Test Controls Decompensated Compensated P value
Mean SD Mean SD Mean SD  
Lymphocytes /mm3 2907 1065.2 1918.57 841.43 2672.33 938.74 0.004
Lymphocytes% 31.49% 9.57% 19.19% 8.41% 28.87% 8.95% <0.001
CD4 Total% 37.17% 8.21% 38.56% 12.02% 32.13% 14.32% 0.221
CD4 TIM-3 +ve (%) 3.12% 2.13% 5.78% 5.3% 16.61% 16.82% <0.001
CD4 TIM-3 -ve (%) 96.87% 2.13% 94.22% 5.3% 83.39% 16.82% <0.001
CD8 total (%) 20.82% 5.79% 17.95% 9.07% 36.67% 29.12% 0.004
CD8 TIM-3 +ve (%) 11.18% 4.18% 17.82% 10.16% 27.52% 30.86% 0.043
CD8 TIM-3 +ve (%) 88.82% 4.18% 82.18% 10.16% 72.48% 30.86% 0.042
CD14 total (%) 5.99% 2.17% 9.51% 3.99% 7.76% 3.27% 0.008
CD14 TIM-3 +ve (%) 42.09% 26.3% 55.55% 16.19% 79.09% 17.26% <0.001
CD14 TIM-3 (%) 57.91% 26.34% 44.45% 16.19% 20.93% 17.27% <0.001
CD56 total (%) 0.54% 0.33% 0.45% 0.5% 0.5% 0.34% 0.792
CD56 TIM-3 +ve(%) 21.36% 18.3% 22.18% 22.94% 46.26% 31.92% 0.007
CD56 TIM-3 -ve (%) 78.7% 18.29% 77.82% 22.94% 53.74% 31.92% 0.007

Table 2: Comparison between the three groups regarding lymphocytes; CD: Cluster of differentiation; SD: Standard Deviation ; SE: Standard Error;TIM-3: T-cell immunoglobulin domain and mucin domain 3.

By applying Pearson correlation the following was discovered ; the correlation between TIM-3 expression and ALT level is variable, sometimes positive and others negative, and all were non-significant correlations, with the only exception of the negative, moderate, significant correlation between ALT and CD56 TIM-3 among decompensated population (Table 3); the correlation between TIM-3 and albumin is variable, sometimes positive and sometimes negative, and all were non-significant correlations (Table 4);the correlation between TIM-3 and total bilirubin is variable, sometimes positive and others negative, and all were non-significant correlations (Table 5); the correlation between TIM-3 and INR is variable, whether positive or negative, and all were non-significant correlations. The only exception is the positive moderate, significant correlation between INR and CD56 TIM-3 among compensated group, and the positive, highly significant correlation between INR and CD56 TIM-3 among decompensated group (Table 6).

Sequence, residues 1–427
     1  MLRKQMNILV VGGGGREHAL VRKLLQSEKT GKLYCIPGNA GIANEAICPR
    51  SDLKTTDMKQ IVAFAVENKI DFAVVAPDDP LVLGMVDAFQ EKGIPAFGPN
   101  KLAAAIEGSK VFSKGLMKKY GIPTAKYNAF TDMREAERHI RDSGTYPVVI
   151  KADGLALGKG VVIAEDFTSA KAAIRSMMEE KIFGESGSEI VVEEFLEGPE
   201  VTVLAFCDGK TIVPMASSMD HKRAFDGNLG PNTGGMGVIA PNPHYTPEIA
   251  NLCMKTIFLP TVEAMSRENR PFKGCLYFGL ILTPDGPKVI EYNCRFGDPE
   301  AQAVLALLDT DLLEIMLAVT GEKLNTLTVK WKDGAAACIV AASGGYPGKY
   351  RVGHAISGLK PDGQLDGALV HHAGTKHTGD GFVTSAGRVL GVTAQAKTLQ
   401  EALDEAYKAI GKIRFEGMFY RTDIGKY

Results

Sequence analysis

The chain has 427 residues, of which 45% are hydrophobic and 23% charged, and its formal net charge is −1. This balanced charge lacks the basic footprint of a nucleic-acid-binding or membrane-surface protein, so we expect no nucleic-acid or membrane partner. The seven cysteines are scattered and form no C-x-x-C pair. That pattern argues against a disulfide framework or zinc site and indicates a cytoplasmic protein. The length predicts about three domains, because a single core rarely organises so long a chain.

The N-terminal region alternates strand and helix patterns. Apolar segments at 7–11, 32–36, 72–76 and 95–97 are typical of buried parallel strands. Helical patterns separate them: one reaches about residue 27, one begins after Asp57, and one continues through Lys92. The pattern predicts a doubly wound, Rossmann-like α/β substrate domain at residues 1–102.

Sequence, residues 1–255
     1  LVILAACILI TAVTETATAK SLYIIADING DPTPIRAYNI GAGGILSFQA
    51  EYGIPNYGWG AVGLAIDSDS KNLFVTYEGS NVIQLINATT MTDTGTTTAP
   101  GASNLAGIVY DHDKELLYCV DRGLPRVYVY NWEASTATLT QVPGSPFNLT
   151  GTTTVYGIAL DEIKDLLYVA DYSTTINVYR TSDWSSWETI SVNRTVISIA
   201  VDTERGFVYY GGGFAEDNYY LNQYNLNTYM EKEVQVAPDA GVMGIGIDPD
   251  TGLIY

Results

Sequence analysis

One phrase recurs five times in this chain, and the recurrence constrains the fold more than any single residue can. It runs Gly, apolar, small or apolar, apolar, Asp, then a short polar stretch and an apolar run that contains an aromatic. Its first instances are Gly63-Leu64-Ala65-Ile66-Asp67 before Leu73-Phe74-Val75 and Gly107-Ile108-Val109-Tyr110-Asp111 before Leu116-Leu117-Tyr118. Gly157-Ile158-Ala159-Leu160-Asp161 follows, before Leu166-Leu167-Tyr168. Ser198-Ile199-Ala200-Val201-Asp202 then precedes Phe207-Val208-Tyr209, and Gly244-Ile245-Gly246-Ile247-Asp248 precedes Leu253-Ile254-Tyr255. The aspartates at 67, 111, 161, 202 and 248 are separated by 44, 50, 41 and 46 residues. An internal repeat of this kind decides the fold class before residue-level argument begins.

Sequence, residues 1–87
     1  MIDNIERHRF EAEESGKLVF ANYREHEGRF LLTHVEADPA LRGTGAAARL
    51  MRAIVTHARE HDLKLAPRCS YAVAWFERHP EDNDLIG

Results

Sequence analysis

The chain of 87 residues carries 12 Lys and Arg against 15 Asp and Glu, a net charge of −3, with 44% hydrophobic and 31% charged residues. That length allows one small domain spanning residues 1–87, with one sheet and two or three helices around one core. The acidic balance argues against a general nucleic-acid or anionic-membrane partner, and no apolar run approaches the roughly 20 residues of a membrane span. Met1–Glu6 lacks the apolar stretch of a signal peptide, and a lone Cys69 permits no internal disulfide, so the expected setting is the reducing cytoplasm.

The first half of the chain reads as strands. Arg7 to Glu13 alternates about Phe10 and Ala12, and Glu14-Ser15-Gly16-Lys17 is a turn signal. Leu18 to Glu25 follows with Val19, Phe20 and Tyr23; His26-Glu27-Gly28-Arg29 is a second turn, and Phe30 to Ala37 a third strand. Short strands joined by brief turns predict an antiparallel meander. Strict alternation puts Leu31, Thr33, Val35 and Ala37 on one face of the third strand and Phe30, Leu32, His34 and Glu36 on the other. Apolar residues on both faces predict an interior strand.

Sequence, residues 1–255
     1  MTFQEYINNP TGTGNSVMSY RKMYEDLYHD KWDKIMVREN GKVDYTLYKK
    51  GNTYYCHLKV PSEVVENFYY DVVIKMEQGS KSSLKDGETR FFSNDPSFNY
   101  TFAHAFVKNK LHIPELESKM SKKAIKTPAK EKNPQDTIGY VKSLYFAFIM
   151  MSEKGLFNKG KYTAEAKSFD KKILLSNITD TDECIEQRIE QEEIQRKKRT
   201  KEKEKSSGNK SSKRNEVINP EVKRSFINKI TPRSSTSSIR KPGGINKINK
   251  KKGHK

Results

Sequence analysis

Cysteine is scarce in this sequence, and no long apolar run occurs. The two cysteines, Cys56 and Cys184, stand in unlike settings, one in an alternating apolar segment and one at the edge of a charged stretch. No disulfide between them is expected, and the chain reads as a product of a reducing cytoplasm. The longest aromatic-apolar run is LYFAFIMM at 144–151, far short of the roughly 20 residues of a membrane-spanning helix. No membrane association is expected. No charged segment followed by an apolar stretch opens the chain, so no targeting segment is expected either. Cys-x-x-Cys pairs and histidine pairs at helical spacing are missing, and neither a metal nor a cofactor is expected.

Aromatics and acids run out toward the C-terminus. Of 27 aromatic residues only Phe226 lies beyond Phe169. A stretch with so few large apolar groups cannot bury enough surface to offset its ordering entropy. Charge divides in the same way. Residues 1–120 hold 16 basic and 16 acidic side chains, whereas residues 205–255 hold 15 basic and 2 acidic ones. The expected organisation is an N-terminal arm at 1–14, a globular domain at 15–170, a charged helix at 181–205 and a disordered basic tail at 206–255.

Test Controls Compensated Decompensated
CD4 TIM-3 +ve (%) r 0.071 -0.175 -0.245
p 0.794 0.425 0.328
CD8 TIM-3 +ve (%) r 0.169 -0.065 -0.457
p 0.532 0.767 0.065
CD14 TIM-3 +ve(%) r 0.203 0.117 -0.281
p 0.451 0.594 0.274
CD56 TIM-3 +ve(%) r -0.215 -0.113 -0.505
p 0.442 0.607 0.046

Table 3: Pearson correlation between TIM-3 expression and ALT.

Parameters Controls Compensated Decompensated
CD4 TIM-3 +ve(%) r 0.223 0.019 -0.075
p 0.407 0.933 0.769
CD8 TIM-3 +ve(%) r 0.106 -0.187 -0.186
p 0.696 0.394 0.475
CD14 TIM-3 +ve(%) r 0.048 0.205 -0.238
p 0.860 0.347 0.358
CD56 TIM-3 +ve(%) r -0.022 -0.361 -0.364
p 0.939 0.091 0.166

Table 4: Pearson correlation between TIM-3 expression and albumin.

Test Controls Compensated Decompensated
CD4 TIM-3 +ve(%) r 0.169 -0.230 0.224
p 0.530 0.292 0.371
CD8 TIM-3 +ve(%) r -0.250 -0.018 -0.281
p 0.350 0.935 0.275